For my tastes, not enough people talk about Sci-Fi RPGs.
Remember, it isn't called Barking Cowboy, Barking Faerie, or even Barking Cape. It's called Barking Alien and there is a reason. Science Fiction is my first love, my default field of interest. It is my go-to genre when I'm running what I love to run most.
Mars 2030 - Concept Idea and Art by Рем Борейко
The Play On Target Podcast recently posted an episode in which the group discusses Science Fiction gaming. You can, and you should, listen to it here.
This isn't the first podcast on Science Fiction gaming, and it won't be the last, but it is, in some ways, typical of the SF RPG podcasts I've heard before.
It is also a Play On Target episode, so it has an identity all its own, and for that it is definitely worth listening to. It made me think, and to me there is no greater praise I can give to such an endeavor. At the same time, it didn't do what I was hoping it would - explain why Science Fiction gaming is so awesome.
I'm in space, by M0tt0M0
Although it was the Play On Target episode in question that inspired this post, I don't intend this to be a review of that episode. I don't really feel much would be served by overanalyzing the podcast, and what each individual said. Rather, I want to address the big picture elements I heard, and didn't hear, from the discussion, and tell you my feelings on the subjects. This is more what I took from it, mixed with what I already think, if that makes any sense.
First, there seems to be (generally speaking) a difficulty in locking down what one is talking about when they say Science Fiction. This was evidenced clearly by the PLOT hosts, who seemed to feel that everything from Shadowrun, to RIFTS is Science Fiction.
Well...it is. And, it isn't. I'll explain...
I have one hard and fast rule for identifying the genre, or subgenre of something (be it books, movies, games, etc.), and that is:
'If you can identify something by a name, other than the genre heading, then it is that thing, and not the genre heading'.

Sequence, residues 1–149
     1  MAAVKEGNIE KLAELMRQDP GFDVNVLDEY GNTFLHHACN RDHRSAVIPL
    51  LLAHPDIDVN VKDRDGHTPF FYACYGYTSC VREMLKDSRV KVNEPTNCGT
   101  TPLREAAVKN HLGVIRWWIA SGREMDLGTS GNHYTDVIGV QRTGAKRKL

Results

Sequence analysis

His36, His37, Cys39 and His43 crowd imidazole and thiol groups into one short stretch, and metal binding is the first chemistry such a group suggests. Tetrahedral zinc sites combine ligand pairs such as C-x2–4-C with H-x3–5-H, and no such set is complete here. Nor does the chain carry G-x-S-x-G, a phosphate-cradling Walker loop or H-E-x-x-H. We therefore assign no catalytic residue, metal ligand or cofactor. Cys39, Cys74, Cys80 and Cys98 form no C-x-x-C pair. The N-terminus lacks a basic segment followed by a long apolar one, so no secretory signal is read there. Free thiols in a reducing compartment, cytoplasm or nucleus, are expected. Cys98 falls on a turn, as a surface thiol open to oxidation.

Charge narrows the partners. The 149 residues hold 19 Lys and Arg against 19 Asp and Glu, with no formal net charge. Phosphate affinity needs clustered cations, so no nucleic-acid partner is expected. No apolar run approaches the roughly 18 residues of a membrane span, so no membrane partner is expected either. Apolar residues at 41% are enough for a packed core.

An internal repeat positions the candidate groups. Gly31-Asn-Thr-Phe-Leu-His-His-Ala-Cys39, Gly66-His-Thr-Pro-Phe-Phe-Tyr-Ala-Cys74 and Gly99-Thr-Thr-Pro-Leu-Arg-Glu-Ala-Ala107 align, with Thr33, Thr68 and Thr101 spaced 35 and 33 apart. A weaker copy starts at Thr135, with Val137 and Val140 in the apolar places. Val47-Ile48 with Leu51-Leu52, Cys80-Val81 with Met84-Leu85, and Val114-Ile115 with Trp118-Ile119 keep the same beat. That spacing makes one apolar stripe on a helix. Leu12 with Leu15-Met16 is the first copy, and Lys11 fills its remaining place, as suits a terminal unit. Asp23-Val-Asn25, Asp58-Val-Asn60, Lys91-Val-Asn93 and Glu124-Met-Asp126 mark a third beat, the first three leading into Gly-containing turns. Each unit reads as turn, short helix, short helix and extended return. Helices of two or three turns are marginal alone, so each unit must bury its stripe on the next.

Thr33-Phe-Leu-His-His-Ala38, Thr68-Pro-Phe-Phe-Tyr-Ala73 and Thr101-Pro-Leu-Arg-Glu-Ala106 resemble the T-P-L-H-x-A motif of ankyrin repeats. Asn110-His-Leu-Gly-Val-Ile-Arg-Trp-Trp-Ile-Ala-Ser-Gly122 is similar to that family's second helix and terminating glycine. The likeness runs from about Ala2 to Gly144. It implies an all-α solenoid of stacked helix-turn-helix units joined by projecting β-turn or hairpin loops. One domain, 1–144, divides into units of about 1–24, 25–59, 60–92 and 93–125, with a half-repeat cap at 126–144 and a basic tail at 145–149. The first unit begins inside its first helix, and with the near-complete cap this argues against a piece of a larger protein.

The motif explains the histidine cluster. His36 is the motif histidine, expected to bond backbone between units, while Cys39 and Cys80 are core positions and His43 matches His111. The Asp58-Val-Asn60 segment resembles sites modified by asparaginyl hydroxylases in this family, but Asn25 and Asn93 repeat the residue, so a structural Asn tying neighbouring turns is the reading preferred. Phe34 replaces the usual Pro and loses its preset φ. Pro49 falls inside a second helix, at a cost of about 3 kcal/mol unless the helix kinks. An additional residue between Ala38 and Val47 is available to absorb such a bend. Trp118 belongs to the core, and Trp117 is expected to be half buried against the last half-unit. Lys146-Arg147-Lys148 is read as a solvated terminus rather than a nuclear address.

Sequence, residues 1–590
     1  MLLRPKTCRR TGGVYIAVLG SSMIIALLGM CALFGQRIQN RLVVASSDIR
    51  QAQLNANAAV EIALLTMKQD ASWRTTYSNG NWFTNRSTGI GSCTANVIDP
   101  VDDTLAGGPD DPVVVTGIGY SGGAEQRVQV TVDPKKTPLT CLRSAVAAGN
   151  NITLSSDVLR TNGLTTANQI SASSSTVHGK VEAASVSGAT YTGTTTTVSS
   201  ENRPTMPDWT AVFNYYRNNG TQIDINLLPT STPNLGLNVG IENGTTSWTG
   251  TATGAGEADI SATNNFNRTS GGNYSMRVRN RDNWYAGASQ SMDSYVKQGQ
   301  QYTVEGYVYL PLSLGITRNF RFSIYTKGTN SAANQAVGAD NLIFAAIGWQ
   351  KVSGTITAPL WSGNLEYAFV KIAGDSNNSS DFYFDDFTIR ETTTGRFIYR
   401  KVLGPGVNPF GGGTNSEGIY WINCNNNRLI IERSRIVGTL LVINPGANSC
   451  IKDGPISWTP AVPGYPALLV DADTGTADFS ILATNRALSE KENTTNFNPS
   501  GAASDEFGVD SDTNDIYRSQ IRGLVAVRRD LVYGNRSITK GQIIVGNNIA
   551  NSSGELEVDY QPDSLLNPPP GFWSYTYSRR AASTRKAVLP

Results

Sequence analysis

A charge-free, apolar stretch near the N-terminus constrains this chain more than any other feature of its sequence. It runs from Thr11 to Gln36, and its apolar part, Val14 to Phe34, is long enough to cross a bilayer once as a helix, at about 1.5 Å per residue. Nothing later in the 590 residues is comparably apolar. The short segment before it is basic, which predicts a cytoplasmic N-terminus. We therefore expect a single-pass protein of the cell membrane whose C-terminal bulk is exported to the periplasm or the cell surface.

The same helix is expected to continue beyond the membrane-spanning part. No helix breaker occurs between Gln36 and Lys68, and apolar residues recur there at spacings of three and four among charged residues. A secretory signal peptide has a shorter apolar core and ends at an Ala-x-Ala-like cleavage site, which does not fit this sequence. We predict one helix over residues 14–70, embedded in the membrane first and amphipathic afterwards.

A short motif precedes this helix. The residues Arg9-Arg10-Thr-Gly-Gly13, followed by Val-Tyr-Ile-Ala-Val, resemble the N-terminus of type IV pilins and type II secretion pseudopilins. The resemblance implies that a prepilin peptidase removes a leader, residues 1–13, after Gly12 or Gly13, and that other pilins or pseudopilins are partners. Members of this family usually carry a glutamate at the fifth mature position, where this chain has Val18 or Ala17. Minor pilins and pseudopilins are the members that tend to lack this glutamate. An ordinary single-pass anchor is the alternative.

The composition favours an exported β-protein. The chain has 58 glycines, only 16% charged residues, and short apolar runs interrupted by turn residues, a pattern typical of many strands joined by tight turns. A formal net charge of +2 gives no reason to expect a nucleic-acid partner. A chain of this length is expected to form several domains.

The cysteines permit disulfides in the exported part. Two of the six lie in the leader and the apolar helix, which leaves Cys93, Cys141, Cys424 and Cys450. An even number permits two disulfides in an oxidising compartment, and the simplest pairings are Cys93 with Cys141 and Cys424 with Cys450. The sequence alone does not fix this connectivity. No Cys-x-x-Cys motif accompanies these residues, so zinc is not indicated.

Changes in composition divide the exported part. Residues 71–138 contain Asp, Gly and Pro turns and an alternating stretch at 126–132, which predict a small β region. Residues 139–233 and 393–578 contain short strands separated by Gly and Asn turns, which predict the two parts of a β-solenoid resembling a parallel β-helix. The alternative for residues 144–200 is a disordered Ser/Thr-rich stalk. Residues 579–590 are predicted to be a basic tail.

In other words, Cyberpunk 2013-2020 are considered Cyberpunk games (duh). Although Cyberpunk is a subgenre of Sci-Fi, it is also it's own entity. Therefore, Cyberpunk isn't (IMHO) a Science Fiction game. It is a Cyberpunk game.
Eclipse Phase is Transhumanist Science Fiction.
Gamma World is Post-Apocalypse, though possibly crossed with Science Fantasy.
RIFTS is a Multi-Genre game. If you Google, 'What Genre is RIFTS' it will say just that.
So what qualifies as straight up Science Fiction for me? Anything that doesn't easily qualify as something else in Science Fiction, is plain ol' Science Fiction.
Traveller, especially 'Classic Traveller' is to me, Science Fiction.
I guess it could be said there are few others. At the same time, I would place Star Trek, Star Frontiers, Ringworld, and Dune in this category as well, even though it could certainly be argued that some of these are also Space Opera.
Second, I often find these kinds of episodes are done by a group of people who aren't especially fond of the subject. A Science Fiction podcast by people who aren't into Science Fiction...well...perhaps not the easiest thing to do.
The members of the group who do like Science Fiction didn't really assert their opinions, or their past, successful experiences, over those who haven't had such experiences, or have negative opinions.
Taken from the final thoughts, it felt a little like a Science Fiction podcast that said, "Yeah, Sci-Fi is OK I guess, but isn't Fantasy awesome!"
Sardu Reef, By Alex Ries
At one point Sam notes that modern gamers are more sophisticated because of our increased exposure to both Science Fiction, and Science Fact. I would word it differently. Spoiled is the term I would use.
Because of this more extensive exposure he speaks of, modern gamers expect to be spoon fed all the ideas they will need to play Science Fiction (or any genre for that matter, but that's a different conversation).
When I started running, and playing Science Fiction games, we made up a lot of stuff. How? We read freakin' books. We loved Science Fiction novels, and comic books. We looked at issues of National Geographic, DISCOVER Magazine, and other sources of information on technology, and science. Also, tons of easy reference existed/exists for Science Fiction in pop culture in the form of movies, TV shows, computer and video games, and animated series.
For reasons I've mentioned before, but to this day do not understand, D&D, and Fantasy overall has always been viewed as more understandable, and accessible, but there is barely 1 Fantasy movie for every 5-10 Sci-Fi movies. I don't remember a single Fantasy TV show on television while I was watching Lost in Space, Star Trek, and Space:1999. Somehow everyone knows what medieval Europe looks, and feels like. How? How at 8 years old was I supposed know Fantasy better than Sci-Fi?
Sorry. I was ranting. A little.
Lowell notes that Fantasy is easy, conceptually. It is. And how much is an easy thing worth?
The thing is, if Science Fiction, the genre, is something you know, and love, you will make the effort to understand the elements that make it work. This goes from the basic tropes, to the basics of the science, to more advanced theoretical concepts.
You will then figure out what works, and what you want, in the Science Fiction Role Playing Game you want to play, if indeed you really want to play a Science Fiction Role Playing Game.